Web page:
We wander along the beach and watch the sky change. We sit on grass above the sand sipping on passionfruit Rekorderlig, clumsily opened with a two dollar bottle opener.
The beach is painted in black and white, its usual gold and blues stolen by the night. Even the sound of the waves seem muted. It is so dark in front of us, but our foreground is dominated by the white shore. The lighthouse flashes in the distance, its beam stretching to distances my mind couldn’t grasp.
Earlier we walked up there and reached the most Eastern point in Australia. The ocean, gloriously blue during the afternoon, took up most of my view. I got lost in that blue. I focused on the significance of it, rather than the insignificance of myself.
Our first day in Byron Bay I had been surprisingly imitated by the sea – the waves were too big for me to swim in. Later I would face them in a surf lesson. As I walked along the sea the first day, I had no idea how much I’d enjoy learning how to surf. Or how I’d face kayaking again in an attempt to see dolphins.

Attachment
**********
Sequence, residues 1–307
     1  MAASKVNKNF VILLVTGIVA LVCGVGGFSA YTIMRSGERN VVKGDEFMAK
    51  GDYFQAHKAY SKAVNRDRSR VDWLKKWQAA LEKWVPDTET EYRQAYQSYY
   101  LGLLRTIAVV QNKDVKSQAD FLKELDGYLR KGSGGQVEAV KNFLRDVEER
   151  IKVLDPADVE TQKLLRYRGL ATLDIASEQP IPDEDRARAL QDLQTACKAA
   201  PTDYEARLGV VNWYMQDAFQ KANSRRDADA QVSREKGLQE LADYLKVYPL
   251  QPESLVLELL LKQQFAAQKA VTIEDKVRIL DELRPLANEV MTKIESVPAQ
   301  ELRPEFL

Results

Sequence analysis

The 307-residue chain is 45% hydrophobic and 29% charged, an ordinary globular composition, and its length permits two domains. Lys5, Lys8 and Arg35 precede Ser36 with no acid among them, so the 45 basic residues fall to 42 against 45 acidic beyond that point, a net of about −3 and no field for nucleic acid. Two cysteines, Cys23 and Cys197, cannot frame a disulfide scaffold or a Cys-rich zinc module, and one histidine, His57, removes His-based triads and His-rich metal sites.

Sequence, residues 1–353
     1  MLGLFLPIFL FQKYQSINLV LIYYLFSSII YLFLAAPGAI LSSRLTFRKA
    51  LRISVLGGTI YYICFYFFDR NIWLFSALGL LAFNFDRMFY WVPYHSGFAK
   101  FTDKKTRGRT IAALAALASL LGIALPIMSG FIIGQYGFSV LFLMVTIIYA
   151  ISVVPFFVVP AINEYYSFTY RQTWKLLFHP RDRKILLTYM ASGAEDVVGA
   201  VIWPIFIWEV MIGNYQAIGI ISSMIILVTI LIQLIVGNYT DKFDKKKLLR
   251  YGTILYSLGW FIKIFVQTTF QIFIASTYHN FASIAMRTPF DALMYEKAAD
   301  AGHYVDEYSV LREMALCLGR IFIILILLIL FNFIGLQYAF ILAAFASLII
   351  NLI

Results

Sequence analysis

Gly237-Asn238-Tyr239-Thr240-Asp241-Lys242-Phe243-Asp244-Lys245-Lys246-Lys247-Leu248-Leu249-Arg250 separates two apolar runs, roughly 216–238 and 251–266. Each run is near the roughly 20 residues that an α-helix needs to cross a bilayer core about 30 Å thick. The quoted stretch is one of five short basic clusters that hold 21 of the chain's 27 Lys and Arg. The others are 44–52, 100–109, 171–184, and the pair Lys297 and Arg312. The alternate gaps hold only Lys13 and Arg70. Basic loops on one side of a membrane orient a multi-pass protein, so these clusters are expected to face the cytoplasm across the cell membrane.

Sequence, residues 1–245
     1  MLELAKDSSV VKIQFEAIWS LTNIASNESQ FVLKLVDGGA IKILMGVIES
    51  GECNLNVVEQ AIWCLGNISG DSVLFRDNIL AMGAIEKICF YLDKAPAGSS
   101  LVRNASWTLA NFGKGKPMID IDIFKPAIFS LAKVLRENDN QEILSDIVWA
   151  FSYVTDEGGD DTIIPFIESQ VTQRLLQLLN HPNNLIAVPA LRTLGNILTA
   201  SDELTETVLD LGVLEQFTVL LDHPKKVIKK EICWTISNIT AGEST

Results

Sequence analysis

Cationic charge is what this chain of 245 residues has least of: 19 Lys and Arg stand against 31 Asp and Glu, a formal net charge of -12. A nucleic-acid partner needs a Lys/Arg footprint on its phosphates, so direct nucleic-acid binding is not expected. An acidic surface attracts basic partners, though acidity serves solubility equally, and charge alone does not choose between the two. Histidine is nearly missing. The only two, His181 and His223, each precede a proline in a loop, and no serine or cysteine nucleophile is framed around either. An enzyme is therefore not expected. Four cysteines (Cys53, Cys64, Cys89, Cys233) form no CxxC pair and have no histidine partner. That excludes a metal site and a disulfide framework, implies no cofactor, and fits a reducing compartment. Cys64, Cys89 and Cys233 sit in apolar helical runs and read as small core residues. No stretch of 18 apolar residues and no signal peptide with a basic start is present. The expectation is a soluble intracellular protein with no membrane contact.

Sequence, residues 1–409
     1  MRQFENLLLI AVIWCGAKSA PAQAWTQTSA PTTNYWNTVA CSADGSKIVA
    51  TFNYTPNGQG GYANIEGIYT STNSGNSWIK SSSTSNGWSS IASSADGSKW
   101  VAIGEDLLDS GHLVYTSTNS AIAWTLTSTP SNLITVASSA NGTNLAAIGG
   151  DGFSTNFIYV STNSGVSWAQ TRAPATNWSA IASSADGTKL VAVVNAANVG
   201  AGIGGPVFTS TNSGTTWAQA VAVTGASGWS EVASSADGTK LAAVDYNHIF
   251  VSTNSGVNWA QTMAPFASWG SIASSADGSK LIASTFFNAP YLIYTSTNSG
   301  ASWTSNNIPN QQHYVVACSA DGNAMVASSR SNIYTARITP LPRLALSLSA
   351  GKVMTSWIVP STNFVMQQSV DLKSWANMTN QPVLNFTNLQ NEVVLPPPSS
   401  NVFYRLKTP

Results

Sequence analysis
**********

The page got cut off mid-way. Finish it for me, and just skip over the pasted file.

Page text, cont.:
During that first morning I was happy to simply soak in the views: the lighthouse on the green slope in the distance, the curve of the white sands and the pale blue waves pressing into those curves. I laid down on the beach. The sun warmed my skin – the cosy of kind of warmth, the kind you get before falling asleep.
Whereas now there is a slight chill in the coastal evening air. As I look at the flashing beam of the lighthouse, I contemplate the thought that tomorrow I am continuing up the East coast, solo.
But tonight, my friend from home is still here. We talk, our words like the waves – flowing and natural. I am warm, despite the slight chill, with ciders and the contentment at having a friend who would come across the world to see me.